Winning is a long game and building and maintaining trust in the marketplace is fundamental to it. If you’re a new kid on the block this will take time and maybe a bit of luck. If you’ve been around the block and have the scars to prove it you’ll have built your street cred but beware, it doesn’t take much to lose it.
What is Trust?
Trust is the foundation stone to making any relationship thrive. It’s an assessment of whether an individual or organisation will do what they say they’ll do.
Trust and Risk
In Trust Rules (2018) Bob Lee highlights why trust is so important when he says:
“Trusting others is dangerous and risky because it leaves you exposed. Your trust can be taken for granted, abused, misused, unappreciated, and exploited. It can leave you looking foolish and naïve. It can lead to poor-quality work, missed deadlines, and lost customers – for which you are ultimately responsible – reflecting badly on you as a manager and leaving you exposed to criticism from your peers and higher-ups. Or worse…”
The Wolf of Wall Street
Jordan Belfort achieved his fame or notoriety through Leonardo di Caprio’s portrayal of him in Martin Scorsese’s “The Wolf of Wall Street.” Belfort’s notoriety is primarily down to his exploits driven by his outstanding sales skills. Today Belfort’s services as a sales trainer are in heavy demand across the globe.
Belfort opens his best seller “Way of the Wolf” (2017) by highlighting three key areas where you or your organisation must be trusted before someone else will buy from you.
Does what you currently offer give a buyer a level of comfort and certainty that it will address their needs and pain points as well as being very good value for money? Belfort uses a certainty continuum with 1 being Absolute Uncertainty and 10 being Absolute Certainty.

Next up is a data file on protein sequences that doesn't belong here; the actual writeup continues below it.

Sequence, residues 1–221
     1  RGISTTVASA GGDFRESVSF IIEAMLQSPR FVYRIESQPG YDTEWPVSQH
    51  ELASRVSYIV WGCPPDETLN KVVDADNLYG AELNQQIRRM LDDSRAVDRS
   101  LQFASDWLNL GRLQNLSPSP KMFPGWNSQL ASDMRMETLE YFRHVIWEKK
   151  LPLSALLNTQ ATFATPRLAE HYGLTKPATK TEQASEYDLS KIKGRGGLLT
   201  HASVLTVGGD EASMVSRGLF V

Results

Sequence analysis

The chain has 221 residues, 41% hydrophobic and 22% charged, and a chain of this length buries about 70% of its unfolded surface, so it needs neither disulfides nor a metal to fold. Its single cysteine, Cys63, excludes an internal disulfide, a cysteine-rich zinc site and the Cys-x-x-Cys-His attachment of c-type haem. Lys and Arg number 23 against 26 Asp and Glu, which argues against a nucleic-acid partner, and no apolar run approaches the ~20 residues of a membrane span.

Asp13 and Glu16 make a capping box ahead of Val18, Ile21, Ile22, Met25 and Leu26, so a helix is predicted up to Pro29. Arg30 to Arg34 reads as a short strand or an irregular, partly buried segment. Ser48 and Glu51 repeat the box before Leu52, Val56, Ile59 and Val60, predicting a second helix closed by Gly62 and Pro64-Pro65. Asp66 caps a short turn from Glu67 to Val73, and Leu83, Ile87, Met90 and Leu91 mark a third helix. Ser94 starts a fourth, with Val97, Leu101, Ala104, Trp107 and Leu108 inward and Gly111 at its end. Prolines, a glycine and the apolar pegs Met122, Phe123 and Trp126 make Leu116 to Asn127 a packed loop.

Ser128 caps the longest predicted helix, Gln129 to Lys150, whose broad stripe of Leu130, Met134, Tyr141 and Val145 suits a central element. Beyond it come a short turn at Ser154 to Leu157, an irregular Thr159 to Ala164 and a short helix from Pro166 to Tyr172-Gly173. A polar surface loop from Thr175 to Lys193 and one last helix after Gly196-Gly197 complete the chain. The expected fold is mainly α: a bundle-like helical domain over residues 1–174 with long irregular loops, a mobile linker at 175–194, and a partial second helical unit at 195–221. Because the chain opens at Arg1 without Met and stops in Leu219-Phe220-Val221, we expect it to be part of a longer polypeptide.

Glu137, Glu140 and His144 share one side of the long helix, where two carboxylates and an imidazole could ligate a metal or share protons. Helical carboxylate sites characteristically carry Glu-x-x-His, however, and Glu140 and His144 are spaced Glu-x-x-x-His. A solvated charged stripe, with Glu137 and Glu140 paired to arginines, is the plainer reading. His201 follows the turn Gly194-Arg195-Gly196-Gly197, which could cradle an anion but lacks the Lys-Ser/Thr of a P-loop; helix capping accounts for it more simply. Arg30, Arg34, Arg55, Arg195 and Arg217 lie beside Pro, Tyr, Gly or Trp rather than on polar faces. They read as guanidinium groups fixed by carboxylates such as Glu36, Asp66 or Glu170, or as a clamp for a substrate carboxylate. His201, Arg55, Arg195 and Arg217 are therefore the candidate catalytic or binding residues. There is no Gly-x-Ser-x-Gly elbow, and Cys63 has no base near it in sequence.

The closer your product is to scoring a 10 the more likely the buyer is to buy your product. But this is also contingent on you scoring highly across the other two areas.
If the buyer trusts you, thinks you have his or her interests at heart and are unlikely to knife them you’ll score well. In Belfort’s words:
“Do they think you’re a likeable, trustworthy person, who is not only an expert in your field but also prides yourself on putting your customer’s needs first and making sure that if any problems arise you’ll be right there on the spot to resolve them? That would be a 10 on the certainty scale. Or do they think you’re an unlikeable “snake in the grass,” a stone-cold novice who’ll stick the knife in their back the moment they turn it from you, because all you care about is extracting the maximum amount of commission out of the deal and then moving on to the next target as quickly as possible?”
This highlights the need for very good relationship management. If your relationship manager is good, the client or buyer will trust him or her. They’ll engage and discuss important issues such as needs, pain points and all the important intelligence that you are going to need to craft a product or service that they love.
3. The Company
The product may be good, the buyer may like the relationship manager but if the company has a poor reputation there’s no way that they are going to buy from you. Years back I consulted into a company who invested zilch in improving processes and capability. The company started losing competitive tenders because of this and it took them close to five years before they won another large contract.
So watch out, word always gets around and it can take forever to get back in the game.
What Happens Now?
If you would like to know more about how to build trust in the market place in order to write winning proposals click on the link below to arrange a chat. You can also fill out this business development scorecard for further insights.